Two hearts can never be very far apart if they have once been really united by Love.

Do not try to put the point of a pin between a woman’s yea and nay, for they are often so close together.

One word is sufficient for a wise man.

There is nothing harder than to sing when in agony.

Honey is not for the mouth of an ass.{28}

Sometimes he who sings once weeps ever after.

Weep with those who weep; smile with those who smile, and have a heart which echoes every joy and sorrow.

Where is the mortal, who after a sojourn of twenty-five years in this world, could say: «I saw nothing but pleasant visions»?

Believe only in large companies, when going to fight.

Certain hopes are like delusive dreams, like the electric flash which attends thunder and illuminates but an instant.{29}

To be willing, is to be able.

Many a man who complains that he cannot keep his nose above water, would find it easier if he did not so often keep it above spirits.

Fortunate is the man who always finds at the right time, the cloth laid, and the bed made.

To have a good heart and to be unable to find another to appreciate it, is like having a ducat in a desert, where you can buy nothing with your gold.

He that gives a broken head should also give a plaster wherewith to mend it.{30}

If we could know the secret history of heroism, deeds would become known which are now never dreamed of.

If we are to sing the beauty of the sky, of flowers, of love and of innocence, and of every thing grand and beautiful; let us go to our quiet chamber, or near a limpid stream, or where we will catch the pure spray of a magnificent waterfall.

An active and willing solicitor brings the doubtful suit to a happy issue.

The brain and heart of some are the archives in which all of your words, looks and movements are stored.{31}

Be prompt rather to act than to complain.

When you give, give; do not lend.

It is easier to reduce the rash and fool hardy to true bravery, than to imbue the coward with that virtue.

Lovely women are like angels; when some men dream, it is always of angels.

Retreating is not running away, though running away is sometimes called retreating.

He who errs, and confesses his sin, is near reformation.{32}

Time and disappointment are two loyal friends.

Cupid, some say, is not entirely blind, but very short-sighted, and, according to good Panza, looks through odd spectacles, which make copper look like gold, a cart like a coach, and a shrimp like a lobster.

Do not suffer yourself to be robbed of your treasure, and you will not have to curse the thief.

The laws, some one has said, are like cobwebs, they catch only the small flies.

It is easier for a prodigal to become liberal, than to become a miser.{33}

Expedition and despatch anticipate the enemy, and victory becomes assured before the foe is prepared for defence.

The sweet singer, Anton, tells us that peace of mind is not as often found in the lordly mansion, as in the retired cottage.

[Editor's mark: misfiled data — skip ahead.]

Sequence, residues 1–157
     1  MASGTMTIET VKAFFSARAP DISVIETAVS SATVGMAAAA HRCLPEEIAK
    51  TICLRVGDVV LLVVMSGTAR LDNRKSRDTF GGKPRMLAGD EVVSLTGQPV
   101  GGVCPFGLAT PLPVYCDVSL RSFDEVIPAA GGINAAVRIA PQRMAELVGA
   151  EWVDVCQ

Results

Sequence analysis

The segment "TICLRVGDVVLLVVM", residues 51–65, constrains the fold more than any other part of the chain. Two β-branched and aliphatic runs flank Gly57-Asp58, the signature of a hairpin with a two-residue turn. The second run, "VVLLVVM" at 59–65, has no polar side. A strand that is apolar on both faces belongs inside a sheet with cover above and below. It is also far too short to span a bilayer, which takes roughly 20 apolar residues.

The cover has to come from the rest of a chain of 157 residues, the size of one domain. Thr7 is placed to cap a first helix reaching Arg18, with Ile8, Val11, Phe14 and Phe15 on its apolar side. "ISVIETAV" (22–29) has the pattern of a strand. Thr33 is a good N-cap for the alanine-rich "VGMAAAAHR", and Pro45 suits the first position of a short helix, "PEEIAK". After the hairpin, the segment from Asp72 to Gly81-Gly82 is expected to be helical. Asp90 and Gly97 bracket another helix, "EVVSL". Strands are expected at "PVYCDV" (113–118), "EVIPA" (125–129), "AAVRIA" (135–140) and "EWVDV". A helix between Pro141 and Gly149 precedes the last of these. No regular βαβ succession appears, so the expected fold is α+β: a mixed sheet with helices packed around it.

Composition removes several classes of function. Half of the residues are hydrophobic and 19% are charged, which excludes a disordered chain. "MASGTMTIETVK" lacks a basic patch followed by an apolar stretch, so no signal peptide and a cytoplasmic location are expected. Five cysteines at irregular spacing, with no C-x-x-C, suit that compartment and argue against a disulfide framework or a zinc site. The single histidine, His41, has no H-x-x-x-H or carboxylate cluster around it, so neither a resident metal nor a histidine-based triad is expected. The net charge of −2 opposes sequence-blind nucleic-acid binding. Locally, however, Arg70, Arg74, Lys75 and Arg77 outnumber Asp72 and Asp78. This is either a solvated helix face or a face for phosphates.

It is better to overdo than underdo a thing.

Nothing, as Lafuente-Alcàntara says, is more interesting to the philosopher and moralist, than the lives, habits, passions and beliefs of what some call «the populace.»

Who can put a spoke into the wheel of fortune?{34}

Women are in the main, an indispensable accident to men.

It is better for a man to do a rash act, than a cowardly one.

The Knight of La Mancha said: «It is a common adage, fair lady, that diligence is the mother of success.»

The highest poetical sentiments are found in the people, and in that part of the people who are called ignorant and uncultivated, who cannot express their thoughts with as much elegance as sincerity; the people, finally, who in Spain, as Trueba observes, describe the mother of Jesus as «the Mother of the Beautiful Love.»{35}

Those persons who allow their tongues to run at random, are often more fools than knaves.

There cannot be smoke without fire.

The obstinate beggar will at last get a piece of bread.

There are misfortunes which have a commencement, but which will hardly have an end.

Most popular aphorisms or sayings, are a history of the people, condensed by their hearts.

The Spaniards always say: «A thing is never properly valued until it is lost forever.»{36}

To acquire a good name is difficult, but it is still more difficult to retain. The young should acquire; the old should retain.

The sweetest music for a quiet conscience is the birds’ notes, tuned to the key of nature, by the hand of the great musician—God!

The pains of the mind often afflict the body, more than the pains of the body.

He, who has not sense enough to know he is a brute, will live and die an ass.

Success, either good or bad, has a terrible enemy—memory.{37}

Strange things may fall out in the roasting of an egg.

Valor is a virtue, situated between the two extremes of cowardice and temerity.

Where is the mortal, who, in traversing the vale of life, has not found sharp thorns among the roses.

In the depth of the heart lie sorrows some of which are known to mortals, but many of which are only known to God.

Keep your holidays peacefully, and do not throw the rope after the bucket.{38}

Of your charming eyes, no complaint is made. They would perhaps like to look at me, but you do not allow them.

There are some people who have done what they ought, but they owe to others what they have done.